Don’t be afraid to ask questions when you are not sure how to complete an assignment. Also, ask for a copy of your company’s employee handbook and read it from front to back to familiarize yourself with the company’s policies. Finally ask for a copy of the standard operating procedures for your position and department and follow them 100% when doing your work.

If you are ever unsure about a task, policy, or expectation, seek clarification from your manager or an authorized co-worker for guidance or clarification. It's better to ask questions and seek clarity than to make assumptions that could lead to mistakes or a misunderstanding that could jeopardize your employment.

  1. During the probationary period, your employer will expect you to demonstrate your job-related abilities and meet performance expectations outlined in their job descriptions.

This is why it is so important for you to ask for a copy of your job description. It will contain the exact duties that you will be expected to perform. It is also crucial that you know how your manager will determine your success on the job. So, ask him/her how they determine on-the-job success.

During your probationary period, read your job description as a part of your getting ready for work each day during your probationary period. Think about your performance on the last day that you worked and honestly think how good of a job you did. Identify areas where you may need to improve. Think of ways that you can do a better job and implement those improvements into your work performance the next time you work. Also be ready and willing to take on additional responsibilities when appropriate. This will help you to get better at your job faster.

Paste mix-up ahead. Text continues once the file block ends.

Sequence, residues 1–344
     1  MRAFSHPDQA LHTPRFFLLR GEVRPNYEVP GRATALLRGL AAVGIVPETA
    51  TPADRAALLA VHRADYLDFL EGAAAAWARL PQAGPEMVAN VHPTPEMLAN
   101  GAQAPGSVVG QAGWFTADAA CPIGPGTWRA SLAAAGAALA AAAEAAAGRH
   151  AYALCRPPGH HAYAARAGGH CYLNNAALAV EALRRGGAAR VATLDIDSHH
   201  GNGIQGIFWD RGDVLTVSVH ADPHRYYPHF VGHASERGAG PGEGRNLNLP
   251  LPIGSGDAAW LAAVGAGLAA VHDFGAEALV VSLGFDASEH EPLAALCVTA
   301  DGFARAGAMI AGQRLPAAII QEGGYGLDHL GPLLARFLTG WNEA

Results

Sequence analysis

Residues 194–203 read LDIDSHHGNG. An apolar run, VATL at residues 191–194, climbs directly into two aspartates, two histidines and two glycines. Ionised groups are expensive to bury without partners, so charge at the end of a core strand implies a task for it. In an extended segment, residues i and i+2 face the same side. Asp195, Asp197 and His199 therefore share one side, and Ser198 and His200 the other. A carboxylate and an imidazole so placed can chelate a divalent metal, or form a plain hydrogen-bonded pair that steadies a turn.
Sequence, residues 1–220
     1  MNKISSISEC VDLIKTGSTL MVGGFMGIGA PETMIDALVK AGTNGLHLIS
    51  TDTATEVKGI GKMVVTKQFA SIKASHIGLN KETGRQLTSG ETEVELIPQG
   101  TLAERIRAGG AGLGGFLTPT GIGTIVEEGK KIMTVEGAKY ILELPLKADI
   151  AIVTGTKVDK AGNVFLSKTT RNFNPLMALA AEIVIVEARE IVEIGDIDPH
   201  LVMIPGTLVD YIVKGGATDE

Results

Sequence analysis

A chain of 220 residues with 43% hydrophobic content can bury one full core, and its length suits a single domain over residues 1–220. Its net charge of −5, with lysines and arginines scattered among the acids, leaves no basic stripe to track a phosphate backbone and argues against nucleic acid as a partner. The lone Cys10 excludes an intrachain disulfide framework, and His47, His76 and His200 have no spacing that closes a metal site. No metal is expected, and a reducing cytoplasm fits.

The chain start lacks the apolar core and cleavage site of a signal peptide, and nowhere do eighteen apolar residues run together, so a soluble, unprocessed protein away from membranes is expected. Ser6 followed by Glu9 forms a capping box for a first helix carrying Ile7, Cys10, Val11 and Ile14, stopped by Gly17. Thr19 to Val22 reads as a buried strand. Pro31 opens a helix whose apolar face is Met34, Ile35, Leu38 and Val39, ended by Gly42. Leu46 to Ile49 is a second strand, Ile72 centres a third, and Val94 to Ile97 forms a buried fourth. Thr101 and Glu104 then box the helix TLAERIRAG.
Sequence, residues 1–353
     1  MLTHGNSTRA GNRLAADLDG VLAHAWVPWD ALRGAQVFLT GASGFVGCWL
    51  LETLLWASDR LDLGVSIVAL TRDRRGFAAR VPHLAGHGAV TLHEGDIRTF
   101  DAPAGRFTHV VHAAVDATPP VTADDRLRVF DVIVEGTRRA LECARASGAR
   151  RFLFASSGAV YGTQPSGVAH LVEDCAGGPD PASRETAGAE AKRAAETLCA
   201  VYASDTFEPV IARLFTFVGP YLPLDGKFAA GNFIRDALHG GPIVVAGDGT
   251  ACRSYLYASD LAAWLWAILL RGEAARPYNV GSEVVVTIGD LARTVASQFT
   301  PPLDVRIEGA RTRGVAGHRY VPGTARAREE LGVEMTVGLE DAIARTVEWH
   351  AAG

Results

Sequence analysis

Your initiative and proactive approach to your work will shine through and be noticed by your superiors. Showing initiative highlights your enthusiasm and commitment to contributing to the organization's success.

Demonstrate adaptability and flexibility in response to changing circumstances or feedback and remain open to mentorship and feedback. You can learn a lot from those who have been doing the job longer. You can also learn from younger or less-experienced workers who might have free ideas about better ways to get the work done. So, also be open to learning new skills, adjusting your approach, and embracing changes within the organization.

If you ever feel that you need additional tools and resources to perform your job well, let your manager know.

  1. The probationary period allows both parties to adjust to the working relationship.

Familiarize yourself with company policies, procedures, and expectations.

Keep the lines of communication open between you and your manager. Let him/her know that you want to do a great job. Ask him/her for feedback on ways that you can do your job better. Use their feedback to think of any changes that you need to make in the way you work to meet performance expectations.

A little after the half-way mark into your probationary period, ask your manager for a copy of the performance evaluation document that they will use to rate your performance when your probationary period ends. Then do a self evaluation of your performance. Make sure to include ratings for all of your key duties. Also rate yourself on how well you follow directions, communicate, exhibit leadership qualities, interact with co-workers, and produce high-quality work. Share your completed self evaluation with your manager and ask them if your self evaluation matches their rating of your performance. And, ask if the two of you can meet to discuss where there are differences.

  1. Your employer knows the labor laws in your area and they will apply them when necessary. In some jurisdictions, labor laws may provide protections for both employers and employees during the probationary period.

Know your state’s or local area’s labor laws. Research if your state is governed by “at-will'' employment laws. Or, if your industry is unionized. Remember also to research workers compensation laws in your job market. It is very unfortunate, but employee’s often do not know the details of their rights and responsibilities in their state. Often, it is only when/if an incident occurs that they then do their research. Unfortunately, it may be too little, too late.